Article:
The Jerusalem Post has reported that Jewish nationalism has emerged as the most important objective for Israel’s youth.
Research featured in a new book by the Friedrich Ebert Foundation, published last week, has explored the attitudes and beliefs of some 1,600 young people, both Arabs and Jews, living in Israel.
Among the questions addressed to the 1600 teens or young adults, was a series relating directly to the rule of law and governance.
Asked to rate what was important and unimportant in terms of running the country, democracy came in only third place, with 14.3 percent seeing it as essential to the state; while 26% of Jewish respondents said that Jewish nationality was the most important factor.
The majority of Jewish youths questioned by the poll also emphasized the need for a strong leadership, over the rule of law.
The study also probed opinions and values regarding the treatment of minorities in Israel, the Israeli-Palestinian conflict and the Holocaust.
The results showed that close to half of Israel’s Jewish youth were supportive of the notion of revoking the basic political rights for the country’s Arab population.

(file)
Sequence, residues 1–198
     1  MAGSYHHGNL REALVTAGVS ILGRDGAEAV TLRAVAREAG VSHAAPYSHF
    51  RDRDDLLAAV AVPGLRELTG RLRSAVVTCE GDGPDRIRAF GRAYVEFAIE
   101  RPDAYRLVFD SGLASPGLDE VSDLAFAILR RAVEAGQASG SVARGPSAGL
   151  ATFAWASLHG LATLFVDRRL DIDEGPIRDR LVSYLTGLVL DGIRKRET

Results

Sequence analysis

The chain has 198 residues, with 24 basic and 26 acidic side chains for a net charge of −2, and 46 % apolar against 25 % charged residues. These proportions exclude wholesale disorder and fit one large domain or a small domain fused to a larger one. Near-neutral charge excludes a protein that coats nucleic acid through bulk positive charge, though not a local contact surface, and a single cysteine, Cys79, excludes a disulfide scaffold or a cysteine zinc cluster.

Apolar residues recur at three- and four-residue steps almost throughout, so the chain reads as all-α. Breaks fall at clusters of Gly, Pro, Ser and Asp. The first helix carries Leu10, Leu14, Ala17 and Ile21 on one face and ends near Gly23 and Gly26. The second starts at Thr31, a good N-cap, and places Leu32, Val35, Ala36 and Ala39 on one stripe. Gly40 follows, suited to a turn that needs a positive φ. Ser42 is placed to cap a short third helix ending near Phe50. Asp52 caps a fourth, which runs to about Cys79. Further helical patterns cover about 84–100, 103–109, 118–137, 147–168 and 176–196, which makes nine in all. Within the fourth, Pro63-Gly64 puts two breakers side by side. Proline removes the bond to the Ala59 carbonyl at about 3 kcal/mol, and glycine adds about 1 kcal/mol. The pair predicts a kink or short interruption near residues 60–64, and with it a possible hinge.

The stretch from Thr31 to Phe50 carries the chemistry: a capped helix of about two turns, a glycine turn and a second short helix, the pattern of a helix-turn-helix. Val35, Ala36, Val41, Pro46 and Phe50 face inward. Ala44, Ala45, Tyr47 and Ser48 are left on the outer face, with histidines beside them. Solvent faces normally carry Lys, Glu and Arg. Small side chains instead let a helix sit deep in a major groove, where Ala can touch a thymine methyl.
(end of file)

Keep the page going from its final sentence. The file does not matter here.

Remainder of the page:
Asked whether they believed the statement “Most Arabs do not accept Israel’s right to exist and would destroy us if they could,” close to half said: “highly likely.”
The majority of Arab teens and youths said they did not feel in any way part of Israeli society.
Only 18% of a 15-18 age group, and 19% among 21-24 yearolds, felt otherwise.
On the question of whether Jews and Arabs could live side by side in the same neighborhoods, both communities said it was not desirable or not important.
But most of the youths surveyed said they supported peace negotiations with the Palestinians, but rejected compromises, preferring the existing situation.
The book, “Israeli Youth: Identity Paradoxes,” which will be published in English in May, contains comparisons to previous studies on Israeli youth.